Asclepsis tuberosa or butterfly weed is a wonderful addition to the summer garden. Its bright orange flowers are irresistible to butterflies, especially the monarch. Although the flowers lure the monarch butterfly, the monarch caterpillar eats nothing but the foliage of this particular plant. One morning I discovered that the caterpillar had eaten every single leaf. Normally I would be heart sick to see a plant damaged but the presence of a monarch in the garden is a gift.
Despite being called a weed (milkweed more specifically), I do not consider it a weed. As a matter of fact, it is a well-behaved, easy - to - grow, beautiful perennial in the garden. After the blooms fade, green seedpods take their place. The seeds do eventually migrate through the air; this plant, however, seems only to have spread in my garden by forming larger clumps. Butterfly weed prefers full sun, although mine is doing very well in part sun. It is not a drought tolerant plant, but enjoys water during dry times.
Ascelpsis tuberosa provides a double gift for the gardener. It not only attracts flights of butterflies to the garden, but it also brightens any flower bed.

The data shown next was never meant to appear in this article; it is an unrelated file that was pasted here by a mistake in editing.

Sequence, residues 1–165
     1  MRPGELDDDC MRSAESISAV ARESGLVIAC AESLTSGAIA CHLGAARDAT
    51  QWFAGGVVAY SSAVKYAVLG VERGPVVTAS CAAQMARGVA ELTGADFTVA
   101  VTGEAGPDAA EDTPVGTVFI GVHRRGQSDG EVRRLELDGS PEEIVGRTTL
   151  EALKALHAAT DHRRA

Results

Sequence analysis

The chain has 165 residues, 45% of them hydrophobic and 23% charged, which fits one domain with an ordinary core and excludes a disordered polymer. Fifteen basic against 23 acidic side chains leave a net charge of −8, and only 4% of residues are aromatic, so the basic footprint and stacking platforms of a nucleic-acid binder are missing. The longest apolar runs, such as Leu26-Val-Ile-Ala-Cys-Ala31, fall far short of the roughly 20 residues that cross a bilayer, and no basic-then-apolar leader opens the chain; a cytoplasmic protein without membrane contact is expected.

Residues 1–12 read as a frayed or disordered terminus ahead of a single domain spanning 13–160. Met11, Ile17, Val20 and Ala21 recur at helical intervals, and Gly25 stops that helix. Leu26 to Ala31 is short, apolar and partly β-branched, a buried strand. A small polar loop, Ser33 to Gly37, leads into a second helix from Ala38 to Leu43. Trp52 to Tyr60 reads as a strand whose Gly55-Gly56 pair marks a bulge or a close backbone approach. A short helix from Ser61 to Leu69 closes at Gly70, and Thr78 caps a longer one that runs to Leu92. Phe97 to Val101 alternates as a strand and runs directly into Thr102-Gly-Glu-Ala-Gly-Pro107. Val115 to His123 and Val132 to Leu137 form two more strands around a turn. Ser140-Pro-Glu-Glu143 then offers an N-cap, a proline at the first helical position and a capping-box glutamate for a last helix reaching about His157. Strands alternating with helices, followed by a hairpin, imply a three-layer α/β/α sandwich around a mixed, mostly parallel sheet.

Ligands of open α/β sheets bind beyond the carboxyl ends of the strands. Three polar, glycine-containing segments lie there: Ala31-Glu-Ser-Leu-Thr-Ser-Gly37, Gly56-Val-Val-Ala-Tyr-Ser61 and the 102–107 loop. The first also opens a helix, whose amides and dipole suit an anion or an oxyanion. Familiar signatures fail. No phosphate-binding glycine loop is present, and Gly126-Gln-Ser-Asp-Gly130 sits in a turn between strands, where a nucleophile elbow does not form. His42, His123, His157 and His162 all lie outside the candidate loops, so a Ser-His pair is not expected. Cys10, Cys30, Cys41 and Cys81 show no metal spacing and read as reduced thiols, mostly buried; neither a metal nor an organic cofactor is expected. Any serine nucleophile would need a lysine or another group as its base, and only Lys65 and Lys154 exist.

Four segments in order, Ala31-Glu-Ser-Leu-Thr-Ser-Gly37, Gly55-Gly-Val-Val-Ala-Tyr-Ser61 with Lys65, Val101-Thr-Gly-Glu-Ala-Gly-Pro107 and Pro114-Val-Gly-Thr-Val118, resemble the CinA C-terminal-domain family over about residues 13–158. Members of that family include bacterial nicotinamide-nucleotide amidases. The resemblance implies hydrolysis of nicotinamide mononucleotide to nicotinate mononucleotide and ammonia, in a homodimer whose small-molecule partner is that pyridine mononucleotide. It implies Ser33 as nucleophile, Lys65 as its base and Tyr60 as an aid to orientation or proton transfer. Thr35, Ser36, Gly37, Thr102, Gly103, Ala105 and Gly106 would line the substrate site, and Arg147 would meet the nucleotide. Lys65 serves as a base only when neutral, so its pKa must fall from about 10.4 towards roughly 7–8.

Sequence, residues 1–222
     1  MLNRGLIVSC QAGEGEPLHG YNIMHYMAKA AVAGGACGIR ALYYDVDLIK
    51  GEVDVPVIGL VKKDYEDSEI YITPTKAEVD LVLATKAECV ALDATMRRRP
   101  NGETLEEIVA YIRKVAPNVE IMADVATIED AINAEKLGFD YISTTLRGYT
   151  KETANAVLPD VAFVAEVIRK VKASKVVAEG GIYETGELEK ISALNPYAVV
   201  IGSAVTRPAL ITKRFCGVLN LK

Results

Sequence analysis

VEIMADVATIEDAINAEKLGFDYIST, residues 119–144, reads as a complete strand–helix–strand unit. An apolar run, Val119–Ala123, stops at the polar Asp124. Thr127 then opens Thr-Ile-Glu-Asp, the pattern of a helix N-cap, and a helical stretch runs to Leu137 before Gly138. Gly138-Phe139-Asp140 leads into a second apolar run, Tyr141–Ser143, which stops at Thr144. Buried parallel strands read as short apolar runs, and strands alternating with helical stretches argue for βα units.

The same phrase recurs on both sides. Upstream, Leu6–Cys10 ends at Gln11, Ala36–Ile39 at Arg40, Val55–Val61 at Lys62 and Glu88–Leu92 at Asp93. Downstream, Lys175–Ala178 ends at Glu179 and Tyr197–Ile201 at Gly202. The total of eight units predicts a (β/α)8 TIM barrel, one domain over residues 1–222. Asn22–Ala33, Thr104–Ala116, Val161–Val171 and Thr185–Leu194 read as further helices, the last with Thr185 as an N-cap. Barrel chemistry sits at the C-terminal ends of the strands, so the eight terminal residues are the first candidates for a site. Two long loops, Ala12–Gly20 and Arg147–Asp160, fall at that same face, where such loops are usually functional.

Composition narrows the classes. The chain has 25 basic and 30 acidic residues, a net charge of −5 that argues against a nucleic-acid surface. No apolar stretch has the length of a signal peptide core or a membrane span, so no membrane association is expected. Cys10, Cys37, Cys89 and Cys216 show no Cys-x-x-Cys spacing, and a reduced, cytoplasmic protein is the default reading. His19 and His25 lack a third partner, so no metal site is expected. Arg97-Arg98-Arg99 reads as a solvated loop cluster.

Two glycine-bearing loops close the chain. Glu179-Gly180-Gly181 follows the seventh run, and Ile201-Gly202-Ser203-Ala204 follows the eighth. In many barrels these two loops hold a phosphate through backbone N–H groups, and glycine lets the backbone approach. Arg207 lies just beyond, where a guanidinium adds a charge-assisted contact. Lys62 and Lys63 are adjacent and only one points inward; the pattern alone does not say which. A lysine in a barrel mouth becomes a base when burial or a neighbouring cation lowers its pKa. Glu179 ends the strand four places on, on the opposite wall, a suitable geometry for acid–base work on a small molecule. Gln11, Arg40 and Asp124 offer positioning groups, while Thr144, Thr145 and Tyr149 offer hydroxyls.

Although the name ‘Endless Summer’ (Hydrangea macrophylla ‘Endless Summer’) could suggest the title of a cable tv show or a soap opera, it is actually the name of a wonderful mophead hydrangea. What makes this hydrangea with its brilliant blue flowers so special is that it reblooms. It blooms on old and new wood in the same season, often blooming in early summer and then in fall. Another positive about ‘Endless Summer’ is that if a late frost kills the early blooms there will be more to follow. This easy- to-grow hydrangea likes the same things that other mopheads do: ample water (at least an inch per week), morning sun, and afternoon shade. Give it a good home in rich organic soil. If your soil is heavy, consider making a planting bed instead of just a single hole. Planting a hydrangea high as you would an azalea also will improve drainage. Just because a plant likes shade, planting it right next to a large tree is not often a good idea as the plant has to compete with the trees roots for nutrition and moisture. High shade in a yard is a blessing. A nice layer of mulch is always a good idea as it will help to conserve moisture and keep the soil cooler in the summer.